1530s, "adherent of the pope, one who acknowledges the supreme authority of the Church of Rome," from French papiste, from papa "pope," from Church Latin papa (see pope). Historically usually a term of anti-Catholic opprobrium. Related: Papism.
"small stall in a Catholic church in which a priest sits to hear confession," 1727, from French confessional, from Medieval Latin confessionale, noun use of neuter of confessionalis (adj.), from past-participle stem of confiteri "to acknowledge" (see confess).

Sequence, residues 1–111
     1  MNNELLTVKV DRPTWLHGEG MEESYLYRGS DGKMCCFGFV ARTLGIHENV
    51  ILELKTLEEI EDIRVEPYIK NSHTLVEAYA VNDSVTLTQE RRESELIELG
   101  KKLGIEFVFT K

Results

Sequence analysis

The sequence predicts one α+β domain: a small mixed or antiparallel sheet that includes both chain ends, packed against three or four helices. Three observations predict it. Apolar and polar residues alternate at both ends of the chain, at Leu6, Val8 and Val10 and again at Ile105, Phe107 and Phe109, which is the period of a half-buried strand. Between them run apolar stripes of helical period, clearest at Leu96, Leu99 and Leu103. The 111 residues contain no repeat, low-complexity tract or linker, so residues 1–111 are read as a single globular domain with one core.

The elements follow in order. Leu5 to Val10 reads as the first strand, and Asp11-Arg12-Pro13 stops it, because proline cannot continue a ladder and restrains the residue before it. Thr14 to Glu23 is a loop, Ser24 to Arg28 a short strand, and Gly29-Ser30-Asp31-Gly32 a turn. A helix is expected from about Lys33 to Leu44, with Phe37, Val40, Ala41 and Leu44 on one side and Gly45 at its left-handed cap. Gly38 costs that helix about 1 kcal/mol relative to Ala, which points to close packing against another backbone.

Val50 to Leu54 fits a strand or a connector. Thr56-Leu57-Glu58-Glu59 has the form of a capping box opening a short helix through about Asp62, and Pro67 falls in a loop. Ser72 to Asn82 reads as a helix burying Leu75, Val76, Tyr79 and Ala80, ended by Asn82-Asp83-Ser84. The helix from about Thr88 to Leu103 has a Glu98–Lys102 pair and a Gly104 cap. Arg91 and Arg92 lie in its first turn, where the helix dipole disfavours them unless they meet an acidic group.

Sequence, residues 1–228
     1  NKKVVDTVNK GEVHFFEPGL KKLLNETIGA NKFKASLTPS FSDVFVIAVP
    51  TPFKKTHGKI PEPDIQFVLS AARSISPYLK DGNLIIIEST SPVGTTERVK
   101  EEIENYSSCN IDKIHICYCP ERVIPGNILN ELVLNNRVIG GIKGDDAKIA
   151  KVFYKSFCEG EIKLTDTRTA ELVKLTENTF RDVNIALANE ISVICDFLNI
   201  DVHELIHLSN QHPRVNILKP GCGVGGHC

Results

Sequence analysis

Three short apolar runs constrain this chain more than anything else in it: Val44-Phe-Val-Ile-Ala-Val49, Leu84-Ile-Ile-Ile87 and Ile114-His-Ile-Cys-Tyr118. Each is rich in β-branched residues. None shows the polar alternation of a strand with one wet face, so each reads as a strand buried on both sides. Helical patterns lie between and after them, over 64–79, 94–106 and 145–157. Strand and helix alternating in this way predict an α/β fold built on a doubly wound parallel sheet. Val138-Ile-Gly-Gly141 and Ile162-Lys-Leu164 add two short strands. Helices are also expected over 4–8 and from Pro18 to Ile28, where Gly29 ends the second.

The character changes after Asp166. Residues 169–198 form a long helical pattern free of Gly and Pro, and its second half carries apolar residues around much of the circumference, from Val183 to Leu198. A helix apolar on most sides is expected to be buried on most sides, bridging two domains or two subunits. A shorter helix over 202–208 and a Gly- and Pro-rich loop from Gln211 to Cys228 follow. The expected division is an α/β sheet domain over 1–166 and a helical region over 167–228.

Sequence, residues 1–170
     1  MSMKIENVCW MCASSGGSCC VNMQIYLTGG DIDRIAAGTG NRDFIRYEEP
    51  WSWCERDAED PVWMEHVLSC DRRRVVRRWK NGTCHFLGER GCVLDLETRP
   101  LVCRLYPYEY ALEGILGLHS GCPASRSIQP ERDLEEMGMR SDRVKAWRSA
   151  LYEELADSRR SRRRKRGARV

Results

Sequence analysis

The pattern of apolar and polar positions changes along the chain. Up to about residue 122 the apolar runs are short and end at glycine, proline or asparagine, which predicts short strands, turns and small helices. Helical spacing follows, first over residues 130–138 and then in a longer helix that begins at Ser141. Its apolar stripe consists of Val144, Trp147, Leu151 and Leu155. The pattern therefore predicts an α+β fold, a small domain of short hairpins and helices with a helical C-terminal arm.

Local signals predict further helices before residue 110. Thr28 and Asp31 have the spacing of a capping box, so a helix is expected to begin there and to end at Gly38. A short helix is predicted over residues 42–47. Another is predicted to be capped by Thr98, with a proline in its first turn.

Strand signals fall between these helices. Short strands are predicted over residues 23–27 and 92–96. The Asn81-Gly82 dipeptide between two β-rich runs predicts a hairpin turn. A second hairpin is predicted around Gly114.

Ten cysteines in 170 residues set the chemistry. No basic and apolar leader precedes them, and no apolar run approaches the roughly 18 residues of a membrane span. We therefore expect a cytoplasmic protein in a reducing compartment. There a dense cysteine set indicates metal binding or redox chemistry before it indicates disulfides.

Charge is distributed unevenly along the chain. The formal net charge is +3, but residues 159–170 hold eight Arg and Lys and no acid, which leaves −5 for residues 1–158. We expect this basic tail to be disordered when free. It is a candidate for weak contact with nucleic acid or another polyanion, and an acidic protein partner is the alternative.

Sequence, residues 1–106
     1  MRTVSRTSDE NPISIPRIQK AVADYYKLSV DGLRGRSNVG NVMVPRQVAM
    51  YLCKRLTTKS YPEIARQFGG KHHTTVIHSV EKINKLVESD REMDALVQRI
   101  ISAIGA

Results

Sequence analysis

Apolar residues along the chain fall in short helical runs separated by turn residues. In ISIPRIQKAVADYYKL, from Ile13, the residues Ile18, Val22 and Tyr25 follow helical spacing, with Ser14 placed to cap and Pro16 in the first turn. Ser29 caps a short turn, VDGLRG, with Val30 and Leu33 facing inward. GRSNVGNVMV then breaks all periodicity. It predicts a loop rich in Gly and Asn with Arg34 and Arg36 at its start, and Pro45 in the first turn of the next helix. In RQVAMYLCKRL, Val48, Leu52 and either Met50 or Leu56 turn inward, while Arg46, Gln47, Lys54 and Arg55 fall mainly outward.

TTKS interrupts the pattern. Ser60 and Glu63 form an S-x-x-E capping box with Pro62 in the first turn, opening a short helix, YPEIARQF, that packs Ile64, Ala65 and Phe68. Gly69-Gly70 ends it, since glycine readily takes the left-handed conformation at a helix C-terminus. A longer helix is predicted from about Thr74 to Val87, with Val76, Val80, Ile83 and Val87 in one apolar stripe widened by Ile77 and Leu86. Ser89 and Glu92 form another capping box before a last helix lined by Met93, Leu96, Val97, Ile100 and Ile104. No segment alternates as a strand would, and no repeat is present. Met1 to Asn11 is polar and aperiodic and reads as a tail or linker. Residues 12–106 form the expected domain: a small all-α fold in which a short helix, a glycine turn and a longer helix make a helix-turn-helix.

older uses refer to schools in Ireland begun 1733 by the Charter Society to provide Protestant education to poor Catholic children. Modern use in U.S. began c. 1988, as an alternative to state-run public education.